Leprous, Monuments, Kalandra – The O2 Ritz, Manchester – 9th February 2023
The signs are there. A series of perspex platforms line the lip of the stage. They’re set to be tested out in time-honoured Leprous fashion. A triangular Aphelion logo in reference to their latest album hangs at the rear and a sense that we’re going to be hit with the usual backlit effects which ensure a dramatic silhouetting for the headliners.
Our last live encounter with Leprous was over three years ago. They’ve celebrated twenty years of doing this and issued a new album Aphelion which is currently doing the rounds as a tour edition with the added bonus of some live tracks. Alternatively, there’s a coloured (!) vinyl of just the live songs which has proved a temptation too difficult to resist.
However, there’s nothing like the real thing. Fingers are crossed for them to play Mirage it featuring early on tour. There seems to be some flexibility in the set to keep the band happy and for those who understandably want to see a couple of gigs. However, it’s out of favour tonight. Just wish we’d been in Cologne and had their fortune with a fantasy setlist…
A dip into their older material and a mid-set peak of From The Flame and Alleviate provide adequate compensation and there’s even a rare outing for MB.Indifferentia from the Bilateral album which actually sits nicely in a set where the subtlety and musicality are much more in balance with the Prog Metal leanings of their younger days. It’s almost a lullaby with Einar Solberg nursing the melody before it explodes to life. Early doors have also seen The Congregation album revisited for The Price and Third Law; the stop-start sharpness in the riffing is as controlled as the band’s uniform black outfits, sensible haircuts and sensible shoes.
Robin Ognedal injects hefty doses of funk into proceedings particularly on From The Flame where the saturated red lighting adds drama to the incendiary intensity. Einar Solberg is again front and centre atop those blocks for the climax of Alleviate as he opens up in confessional from his inner depths. He constantly stalks the stage, seemingly in battle with some invisible force as switches from vocal to occasional keyboard duty, offering no less than a totally engaged performance. His upcoming solo album (16) should be more than worth a listen. It sets the standard for Leprous whose boundless musical chair stage presence sees them constantly rearranging the presentation. It’s no mean feat with six onstage including cellist Wenroth-Browne, who, like a naughty child regularly abandons his seat on the riser to go off in search of some interaction with his bandmates. Early on he’s even taking part in a bass/cello face-off with Simen Børven and anyone within reach is in danger of being whipped by Raphael’s hair tossing – perhaps a health & safety requirement should he get caught in the cello strings.
The bombast and power come in stark contrast to the atmospheres explored on the Aphelion material. The guitars too are sidelined briefly at the start of Alleviate as the various keyboards dotted around the set are in full employment. The blue and yellow rows of light acknowledge the people of Ukraine to whom Castaway Angels is dedicated. An electric evening is graced for only the second time with an acoustic guitar and even a Ritz stool for Tor Oddmund to accompany a sensitive number.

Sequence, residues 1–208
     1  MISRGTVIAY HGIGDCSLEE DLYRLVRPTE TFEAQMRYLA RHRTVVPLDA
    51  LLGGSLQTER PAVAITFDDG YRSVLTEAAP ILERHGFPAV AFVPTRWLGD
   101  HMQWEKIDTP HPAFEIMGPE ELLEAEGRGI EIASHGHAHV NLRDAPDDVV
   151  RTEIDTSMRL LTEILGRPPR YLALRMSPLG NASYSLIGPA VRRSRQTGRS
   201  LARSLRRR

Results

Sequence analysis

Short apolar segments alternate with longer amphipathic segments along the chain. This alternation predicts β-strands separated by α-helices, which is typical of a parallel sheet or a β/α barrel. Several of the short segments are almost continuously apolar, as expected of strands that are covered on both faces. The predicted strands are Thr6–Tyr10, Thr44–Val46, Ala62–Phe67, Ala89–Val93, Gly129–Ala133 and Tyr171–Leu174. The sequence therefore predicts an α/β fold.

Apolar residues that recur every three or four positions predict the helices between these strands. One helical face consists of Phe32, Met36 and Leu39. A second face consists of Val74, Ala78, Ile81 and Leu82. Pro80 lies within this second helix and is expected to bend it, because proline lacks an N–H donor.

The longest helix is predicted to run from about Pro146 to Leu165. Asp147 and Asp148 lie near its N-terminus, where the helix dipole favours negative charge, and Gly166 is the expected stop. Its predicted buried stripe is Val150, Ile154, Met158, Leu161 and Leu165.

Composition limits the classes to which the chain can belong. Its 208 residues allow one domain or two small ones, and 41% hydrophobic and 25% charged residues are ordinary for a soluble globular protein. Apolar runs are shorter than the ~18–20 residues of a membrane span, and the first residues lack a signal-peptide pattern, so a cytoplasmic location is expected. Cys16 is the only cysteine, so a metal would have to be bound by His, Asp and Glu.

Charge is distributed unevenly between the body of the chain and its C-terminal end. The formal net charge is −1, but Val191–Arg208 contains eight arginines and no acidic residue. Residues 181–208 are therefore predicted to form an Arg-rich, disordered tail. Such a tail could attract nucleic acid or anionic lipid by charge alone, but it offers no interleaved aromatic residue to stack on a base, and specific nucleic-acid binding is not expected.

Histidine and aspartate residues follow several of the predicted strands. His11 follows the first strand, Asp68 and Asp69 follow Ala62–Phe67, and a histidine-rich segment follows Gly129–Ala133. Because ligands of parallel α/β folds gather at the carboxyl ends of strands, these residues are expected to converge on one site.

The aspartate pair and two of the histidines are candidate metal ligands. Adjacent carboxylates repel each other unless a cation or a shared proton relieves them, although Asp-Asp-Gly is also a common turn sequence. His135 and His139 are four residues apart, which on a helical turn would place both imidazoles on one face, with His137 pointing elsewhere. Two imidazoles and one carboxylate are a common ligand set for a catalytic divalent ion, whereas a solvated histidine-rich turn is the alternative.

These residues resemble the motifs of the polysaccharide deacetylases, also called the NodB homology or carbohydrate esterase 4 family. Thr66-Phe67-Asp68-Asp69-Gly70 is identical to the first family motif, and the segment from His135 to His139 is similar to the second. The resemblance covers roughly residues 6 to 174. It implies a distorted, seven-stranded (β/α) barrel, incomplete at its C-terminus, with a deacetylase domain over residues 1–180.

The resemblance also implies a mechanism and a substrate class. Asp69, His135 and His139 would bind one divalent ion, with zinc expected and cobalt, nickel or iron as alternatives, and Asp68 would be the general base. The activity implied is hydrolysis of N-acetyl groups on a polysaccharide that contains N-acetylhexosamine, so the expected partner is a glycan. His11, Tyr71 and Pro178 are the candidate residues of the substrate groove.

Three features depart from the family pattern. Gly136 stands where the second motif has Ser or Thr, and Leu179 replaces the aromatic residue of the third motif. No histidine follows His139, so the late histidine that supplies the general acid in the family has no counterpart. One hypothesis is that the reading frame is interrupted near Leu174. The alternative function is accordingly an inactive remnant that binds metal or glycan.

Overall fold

However, it’s their Progressive tag that leaves a lasting impression. With Einar Solberg conducting proceedings as he Their newest epic Nighttime Disguise closes the set and it’s left to the villainous encore The Sky Is Red that swings through a host of passages, highs and lows that simply reinforce that Leprous is a band working right at the edge and at their peak. Constantly pushing to greater heights. It caps a genuinely monumental show.
Before Leprous, there’s a pleasingly healthy turnout for the 7.30 start time for Kalandra who the stage to an atmospheric intro tape. A hint of what’s to come and with Kalandra singer Katrine Stebekk a key part of Scandinavian Folk Metallers Wardruna, we have an immediate connection. Wardruna’s Manchester appearance last year was a momentous occasion that will live long in the memory.
They’re a band whose online presence tells us has roots in melancholic Nordic folk and gritty guitars, weaving ethereal melodies into raw and eerie musical landscapes. It’s spot on as Katrine leads the two guitars (plus horn and violin bow) and drum line up through a set that swings from bucolic to haunting and immersive yet with the constant presence of a harder edge. She too, becomes lost in the music and just when what many would have thought might have been the only acoustic guitar of the evening, she’s immersed in the sound the three instrumentalists are creating, entering another world and off in another dimension.
The Line album is heavily featured and kicks off an evening with a set that would be right at home in an atmospheric and ancient setting, illuminated by candlelight. A perfect choice to accompany the headliners.
Monuments however are a different kettle of fish. As the saying goes, and now for something completely different. Their set is heavy and it’s rapid; the subtlety of Kalandra is replaced by sheer hardcore brutality and a total brashness. As a friend (Thanks Naomi…) said – like singing with the CAPS lock on – LOL – to which Andy Cizek adds some unearthly growls. Don’t be fooled by his Graham Bonnet haircut. He’s not allowed to crowd surf to release some of that overflow of energy, but he does request “a savage moshpit” and gets the crowd to test out the famous Ritz sprung dancefloor.
It’s fascinating how the energies of three bands is channelled so differently. From the brooding and underlying to the brazen and unforgiving. A gig to suit all tastes.
Categories: Live Reviews